Industrial-scale production of a self-cleaning film covering for windows may soon be possible thanks to an invention that borrows the microscopic surface patterns of a butterfly wing.
Butterfly wings and lotus-leaves share an unusual surface property that makes them self-cleaning: a complex microstructure comprised of miniscule bumps. This surface is effectively self-cleaning since it prevents waterdroplets from properly wetting the wing, instead causing them to remain as droplets and roll-off, taking dirt with them. Previous attempts to copy this natural architecture have involved using lithographic technology used in silicon chip-fabbing, a process too complex and costly for high speed or large area treatments.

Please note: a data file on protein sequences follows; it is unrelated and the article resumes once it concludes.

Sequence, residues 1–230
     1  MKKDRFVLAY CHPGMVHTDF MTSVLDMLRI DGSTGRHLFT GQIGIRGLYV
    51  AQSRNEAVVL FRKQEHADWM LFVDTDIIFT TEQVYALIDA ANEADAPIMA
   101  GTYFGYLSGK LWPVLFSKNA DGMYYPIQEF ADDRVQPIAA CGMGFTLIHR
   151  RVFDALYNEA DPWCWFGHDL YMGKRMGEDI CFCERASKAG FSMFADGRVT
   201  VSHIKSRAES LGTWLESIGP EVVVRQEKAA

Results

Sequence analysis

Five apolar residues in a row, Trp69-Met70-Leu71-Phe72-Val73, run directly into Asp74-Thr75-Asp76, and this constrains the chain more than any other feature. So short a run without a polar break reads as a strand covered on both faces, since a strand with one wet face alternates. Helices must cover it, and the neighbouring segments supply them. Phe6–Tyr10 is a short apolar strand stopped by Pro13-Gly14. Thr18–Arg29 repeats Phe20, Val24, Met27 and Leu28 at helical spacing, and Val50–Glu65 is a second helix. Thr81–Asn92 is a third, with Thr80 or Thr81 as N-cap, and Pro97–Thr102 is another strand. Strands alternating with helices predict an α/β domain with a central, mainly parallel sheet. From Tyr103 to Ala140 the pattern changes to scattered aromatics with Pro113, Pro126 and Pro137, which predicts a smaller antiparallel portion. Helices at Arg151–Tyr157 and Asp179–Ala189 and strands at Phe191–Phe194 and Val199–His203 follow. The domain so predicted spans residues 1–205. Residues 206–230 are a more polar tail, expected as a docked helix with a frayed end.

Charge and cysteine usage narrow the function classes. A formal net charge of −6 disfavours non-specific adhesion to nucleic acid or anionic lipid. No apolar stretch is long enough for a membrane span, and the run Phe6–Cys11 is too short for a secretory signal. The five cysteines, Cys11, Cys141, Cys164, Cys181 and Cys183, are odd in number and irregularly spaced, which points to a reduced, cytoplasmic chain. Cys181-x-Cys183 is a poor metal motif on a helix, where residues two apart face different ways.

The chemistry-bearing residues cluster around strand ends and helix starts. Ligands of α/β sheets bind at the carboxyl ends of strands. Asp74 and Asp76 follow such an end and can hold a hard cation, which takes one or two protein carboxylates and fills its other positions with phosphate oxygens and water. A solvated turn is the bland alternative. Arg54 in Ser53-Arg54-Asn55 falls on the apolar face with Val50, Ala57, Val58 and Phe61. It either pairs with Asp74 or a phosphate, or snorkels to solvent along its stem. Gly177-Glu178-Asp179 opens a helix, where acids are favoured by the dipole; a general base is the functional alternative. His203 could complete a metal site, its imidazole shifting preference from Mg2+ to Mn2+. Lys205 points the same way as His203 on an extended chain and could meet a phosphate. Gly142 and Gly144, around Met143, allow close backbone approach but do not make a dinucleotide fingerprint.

Now a team at the French National Centre for Scientific Research has created a technique that actually copies the wing surface directly, by pouring a silicon-based polymer actually onto a butterfly wing, and peeling it off to act as a mold. The mold is used to cast 900-nanometer thick copies in methyltriethoxysilane--an agent already used in glass-making. By combining multiple copies of the casts, a whole-window film could be produced.
Self-cleaning windows with this efficient technology would be an boon to many a householder, and the cost-saving implications for businesses owning millions of square-feet of glass windows across tens of vertical floors that currently need manual cleaning are undoubtable.
[via New Scientist]